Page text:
At its first meeting since a plan for a transmission connection from the proposed Skipjack Wind Farm into Fenwick Island was announced, the Association of Coastal Towns unanimously demanded to be involved in discussions as they move forward.
The proposed project, which would provide a location for the proposed offshore wind farm to connect to the power grid, was revealed in October during a public meeting in Fenwick Island. In return for being allowed to build its connection facility, Ørsted, the Danish company that would build the proposed wind farm, has offered to fund $18 million in improvements to the state park.
At the ACT meeting Nov. 5, Fenwick Island Town Manager Terry Tieman, frustrated by lack of communication from state officials, questioned the wisdom of putting so much money into a state park, when, she said, the state has proven its inability to maintain infrastructure. She conceded the park needs improvements, but she said the money could be better used by establishing a revolving loan fund for other improvements, such as sidewalks and drainage improvements in Fenwick Island.
Tieman said the only time Delaware Department of Natural Resources and Environmental Control has met with town officials was during the public hearing in September.
“We deserve a meeting with the secretary,” said Tieman.
Fenwick Island Mayor Gene Langan said he recognizes the state park is on state-owned property, but he said the park backs up to Fenwick Island. In addition to wanting a seat at the table for future discussions, he said, he would like to see the state move a proposed 1-acre bayside connection site farther north.
The proposed improvements to the park are excessive, said Langan. Money should instead be set aside for ongoing issues, such as back bay flooding and dredging, and beach replenishment, he said.
“I’d like to see this refined if we move ahead with it,” said Langan.
Joy Weber, Ørsted spokeswoman, attended the meeting. She said no decisions have been made by Ørsted or the state, and she said the company would be happy to discuss how to better use the money.
Weber said the state park was chosen as a connection site for two reasons – it’s cheaper for the company to lay the necessary cable because it’s a straight shot from the proposed offshore wind farm, and there’s less environmental impact. Fenwick Island State Park is a blank space, she said.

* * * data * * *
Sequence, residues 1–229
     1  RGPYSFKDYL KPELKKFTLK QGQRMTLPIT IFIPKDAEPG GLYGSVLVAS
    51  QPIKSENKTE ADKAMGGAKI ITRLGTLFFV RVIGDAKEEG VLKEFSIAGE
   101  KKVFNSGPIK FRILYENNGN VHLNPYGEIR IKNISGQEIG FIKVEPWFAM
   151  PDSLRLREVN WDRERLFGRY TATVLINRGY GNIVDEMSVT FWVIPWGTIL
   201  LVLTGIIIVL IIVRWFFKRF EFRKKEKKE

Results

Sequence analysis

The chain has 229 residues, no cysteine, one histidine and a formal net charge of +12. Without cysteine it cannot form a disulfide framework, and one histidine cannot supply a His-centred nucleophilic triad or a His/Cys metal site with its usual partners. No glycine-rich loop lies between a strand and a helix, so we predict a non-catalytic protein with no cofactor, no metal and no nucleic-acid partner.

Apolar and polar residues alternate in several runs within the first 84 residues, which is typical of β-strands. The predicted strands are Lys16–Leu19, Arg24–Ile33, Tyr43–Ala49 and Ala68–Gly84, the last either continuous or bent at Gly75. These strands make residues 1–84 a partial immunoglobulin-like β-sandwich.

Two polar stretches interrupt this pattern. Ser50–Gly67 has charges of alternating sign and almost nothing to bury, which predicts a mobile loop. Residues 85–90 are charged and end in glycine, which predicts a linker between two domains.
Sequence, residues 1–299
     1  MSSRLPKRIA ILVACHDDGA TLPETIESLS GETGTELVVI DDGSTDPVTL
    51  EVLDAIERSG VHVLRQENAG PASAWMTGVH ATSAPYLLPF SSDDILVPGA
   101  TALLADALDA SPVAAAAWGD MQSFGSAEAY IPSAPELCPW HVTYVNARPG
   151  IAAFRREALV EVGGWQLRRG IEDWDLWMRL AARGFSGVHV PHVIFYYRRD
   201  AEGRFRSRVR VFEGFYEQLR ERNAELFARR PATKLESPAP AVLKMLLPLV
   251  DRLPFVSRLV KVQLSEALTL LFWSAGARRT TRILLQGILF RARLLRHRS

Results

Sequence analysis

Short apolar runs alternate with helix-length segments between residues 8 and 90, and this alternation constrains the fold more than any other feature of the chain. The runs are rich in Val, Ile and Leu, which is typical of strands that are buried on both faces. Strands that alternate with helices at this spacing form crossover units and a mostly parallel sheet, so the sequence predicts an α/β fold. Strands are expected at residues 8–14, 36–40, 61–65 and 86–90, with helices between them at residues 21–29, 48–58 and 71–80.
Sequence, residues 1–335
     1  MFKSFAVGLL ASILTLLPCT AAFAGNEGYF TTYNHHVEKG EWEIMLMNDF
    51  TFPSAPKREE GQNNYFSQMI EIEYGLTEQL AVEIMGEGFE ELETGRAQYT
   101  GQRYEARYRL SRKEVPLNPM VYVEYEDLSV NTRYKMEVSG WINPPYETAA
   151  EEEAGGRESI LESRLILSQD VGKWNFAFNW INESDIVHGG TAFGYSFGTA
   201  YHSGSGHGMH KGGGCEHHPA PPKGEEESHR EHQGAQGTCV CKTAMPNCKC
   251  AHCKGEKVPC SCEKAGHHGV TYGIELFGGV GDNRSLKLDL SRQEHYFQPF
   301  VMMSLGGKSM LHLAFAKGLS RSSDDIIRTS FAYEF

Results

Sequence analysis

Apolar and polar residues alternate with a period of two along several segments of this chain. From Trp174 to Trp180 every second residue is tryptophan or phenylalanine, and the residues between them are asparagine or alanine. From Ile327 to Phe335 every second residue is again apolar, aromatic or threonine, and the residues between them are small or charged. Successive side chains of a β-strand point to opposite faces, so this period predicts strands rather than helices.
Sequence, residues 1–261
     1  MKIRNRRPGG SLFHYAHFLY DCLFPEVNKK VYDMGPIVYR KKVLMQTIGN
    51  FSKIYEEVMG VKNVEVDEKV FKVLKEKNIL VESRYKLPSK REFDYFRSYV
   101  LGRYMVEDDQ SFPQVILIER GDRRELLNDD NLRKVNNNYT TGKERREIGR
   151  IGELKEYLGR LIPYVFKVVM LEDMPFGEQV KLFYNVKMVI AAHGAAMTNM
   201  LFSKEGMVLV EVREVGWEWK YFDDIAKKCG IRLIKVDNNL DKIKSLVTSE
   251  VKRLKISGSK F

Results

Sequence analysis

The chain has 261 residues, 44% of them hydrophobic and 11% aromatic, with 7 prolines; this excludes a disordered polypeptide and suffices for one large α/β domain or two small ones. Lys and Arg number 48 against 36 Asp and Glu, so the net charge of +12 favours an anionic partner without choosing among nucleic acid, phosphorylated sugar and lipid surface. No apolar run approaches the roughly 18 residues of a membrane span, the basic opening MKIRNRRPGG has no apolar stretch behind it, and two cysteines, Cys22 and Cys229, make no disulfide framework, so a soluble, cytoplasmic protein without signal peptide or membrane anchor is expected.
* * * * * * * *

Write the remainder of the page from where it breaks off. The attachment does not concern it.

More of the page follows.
Weber said finding places to connect to the power grid is a challenge up and down the Atlantic Coast. It’s an obstacle everywhere, she said.
For the most part, comment on the connection site from other mayors was limited. The association comprises mayors and officials from Lewes, Henlopen Acres, Rehoboth Beach, Dewey Beach, Bethany Beach, South Bethany and Fenwick Island.
Lewes Mayor Ted Becker said he traveled to Ørsted’s five-turbine wind farm off Block Island in Rhode Island – the first commercial offshore installation in the country. He said he spoke with local officials on the impact of the wind farm, and for the most part they agreed there had been an uptick in tourism and environmental benefits because the island previously had been powered by a coal-burning power plant.
Becker said he saw a cross-section of the cable used to connect the wind farm to Block Island, and it’s about 6 inches across. Becker then distributed a photo of the cross-section, which prompted Dewey Beach Mayor TJ Redefer to say it sounded like the installation of a monster cable was being proposed, but it doesn’t look that bad.
David Stevenson, director, Caesar Rodney Institute Center for Energy Competitiveness, addressed the mayors about the economic impact on the state’s tourism industry.
Becker reiterated he had spoken with Block Island officials about tourism, and he said all of them support the project.
Redefer said he had also read reports of the positive impacts on tourism. He said the biggest concern he had read about was the cost.
DNREC Secretary Shawn Garvin could not be reached for comment. Instead, Michael Globetti, department spokesperson, said in an email Nov. 6 that DNREC held meetings with numerous stakeholders during the week of Aug. 19, including but not limited to Langan, Tieman and Fenwick Island Vice Mayor Richard Mais. Globetti said DNREC Director of Parks & Recreation Ray Bivens attended the Fenwick Town Council meeting Sept. 27. He said Garvin spoke with Fenwick officials Nov. 6 to discuss the issue.
DNREC is soliciting public comment on the proposed Fenwick Island State Park proposal until Monday, Dec. 2. Comments can be made at www.destateparks.com/fenwickimprovements.
In addition to online public comment, Senate Minority Leader Sen. Gerald Hocker, R-Ocean View, and Rep. Ronald Gray, R-Selbyville, have scheduled a public meeting to the discuss the topic. The meeting will take place 6 - 7:30 p.m., Tuesday, Nov. 19, in the auditorium of Indian River High School, 29772 Armory Road, Dagsboro.
Skipjack Wind Farm is a 15-turbine, 120-megawatt-producing offshore wind farm proposed for the Atlantic Ocean. The project will be located roughly 18 miles offshore and is expected to produce enough energy to power about 35,000 homes. The size of the turbines is unknown at this point, but Ørsted, the Danish company building the wind farm, has proposed using General Electric’s Haliade-X, a 12-megawatt turbine that has a height of over 850 feet when a blade is straight up in the air.
Editor’s note: The print edition did not included the time and date of the meeting at Indian River High School because the information came after deadline.